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Ug. Terminates Eskom’s Power General Contract

The government of Uganda has finally decided to terminate the power generation concession for the South African power firm, Eskom. The decision takes effect in March 2023.  

In 2019 Uganda legislators asked the government to terminate this contract on the basis of a lack of compliance with the terms of the concession.   

In March 2019, the Parliamentary Natural Resources Committee went on a fact-finding visit to Eskom’s facilities and accused the company of failing to make investments in maintenance as much as they emphasized the generation aspect.  Eskom is charged with both managing and maintaining the two power generation plants( Kiira and Nalubaale). 

When the government divested the power sector, it hoped for the private sector efficiency and reduction in end-user power tariffs. The two plants have $1.5 ¢ per kilowatt. which is the lowest in the country. 

While speaking recently during a mineral wealth conference, Minister for Energy and Mineral Development,  Hon. Ruth  Nankabirwa said that the government is aware of its responsibilities in providing a conducive business environment and requisite infrastructure such as reliable and affordable electricity and assured delegates that they were under consideration.

She acknowledged the bottleneck of high energy tariffs. “It is because of the money that we borrowed for electricity generation. When you borrow money expensively, you churn out expensive electricity,” she explained.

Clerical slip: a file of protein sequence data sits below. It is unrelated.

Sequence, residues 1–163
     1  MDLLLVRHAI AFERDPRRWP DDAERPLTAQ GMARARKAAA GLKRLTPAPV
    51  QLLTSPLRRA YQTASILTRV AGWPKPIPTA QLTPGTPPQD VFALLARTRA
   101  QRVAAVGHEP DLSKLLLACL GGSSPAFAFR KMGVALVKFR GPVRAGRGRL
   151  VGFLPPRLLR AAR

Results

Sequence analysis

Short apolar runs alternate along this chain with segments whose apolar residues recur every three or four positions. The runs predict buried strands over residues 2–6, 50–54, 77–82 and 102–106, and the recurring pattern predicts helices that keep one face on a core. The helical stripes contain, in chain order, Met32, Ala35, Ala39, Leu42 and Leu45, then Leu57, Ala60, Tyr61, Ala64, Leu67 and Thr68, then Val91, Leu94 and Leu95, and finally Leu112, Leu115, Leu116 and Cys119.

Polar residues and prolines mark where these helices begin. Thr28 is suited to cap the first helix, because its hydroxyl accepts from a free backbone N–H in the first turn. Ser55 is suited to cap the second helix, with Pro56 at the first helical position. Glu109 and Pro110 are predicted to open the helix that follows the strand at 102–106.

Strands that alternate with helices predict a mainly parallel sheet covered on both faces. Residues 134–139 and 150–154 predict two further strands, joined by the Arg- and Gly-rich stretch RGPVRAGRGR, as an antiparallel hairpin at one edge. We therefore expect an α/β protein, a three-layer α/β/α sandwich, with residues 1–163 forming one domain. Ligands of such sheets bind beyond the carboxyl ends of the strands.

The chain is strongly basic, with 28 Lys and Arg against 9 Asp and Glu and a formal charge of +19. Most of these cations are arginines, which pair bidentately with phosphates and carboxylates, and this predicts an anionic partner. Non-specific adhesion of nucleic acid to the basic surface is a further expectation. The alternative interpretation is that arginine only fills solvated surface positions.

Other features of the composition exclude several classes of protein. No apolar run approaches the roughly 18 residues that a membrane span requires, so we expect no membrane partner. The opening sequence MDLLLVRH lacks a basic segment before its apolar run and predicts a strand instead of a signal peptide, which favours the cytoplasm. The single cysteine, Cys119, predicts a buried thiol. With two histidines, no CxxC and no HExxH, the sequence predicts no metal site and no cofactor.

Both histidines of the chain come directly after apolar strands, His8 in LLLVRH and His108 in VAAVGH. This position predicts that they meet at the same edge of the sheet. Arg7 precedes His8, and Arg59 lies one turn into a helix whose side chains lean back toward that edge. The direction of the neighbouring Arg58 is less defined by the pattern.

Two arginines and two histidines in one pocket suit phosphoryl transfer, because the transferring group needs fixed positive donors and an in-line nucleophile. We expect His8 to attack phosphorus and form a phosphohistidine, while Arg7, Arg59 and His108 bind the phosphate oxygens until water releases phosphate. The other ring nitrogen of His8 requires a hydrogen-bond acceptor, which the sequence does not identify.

“The money you invest in generation contributes 60% of the end-user tariffs.  But that will change when government takes over the electricity generation at Kiira and Naluubale stations in March 2023”. She said, further adding that the tariffs will be less than $2 ¢ for both dams while Isimba and Karuma will respectively charge $5 ¢.

The decision puts the government back into the power-generation business after it disbanded the mother company- Uganda Electricity Board  (UEB) in 2004 to private players. Three companies were created: Uganda Electricity Generation Company (UEGCL), Uganda Electricity Transmission Company Limited, and Uganda Electricity Distribution Company (UEDCL).      

In 2004, Eskom, which is a locally registered subsidiary, of Eskom South Africa won a 20-year concession to manage the 200MW Kiira power station and 180MW Nalubaale power station. 

Under the deal, Eskom was to inject $ 50 million into the assets over the 20-year concession period but information on Eskom Uganda’s website shows the company had invested $ 34.5 million to date. While the plant performance was rated at 98.11%. 

Operation background

Nalubaale Dam also known as the Owen Falls Dam was constructed in 1954. It had a lifespan of 50 years which has since expired although, with maintenance,  the dam could continue generating electricity. The dam has shown cracks already. 

Eskom is restricted to supply only 38% of the power it generates from both dams in spite of the low tariffs. 

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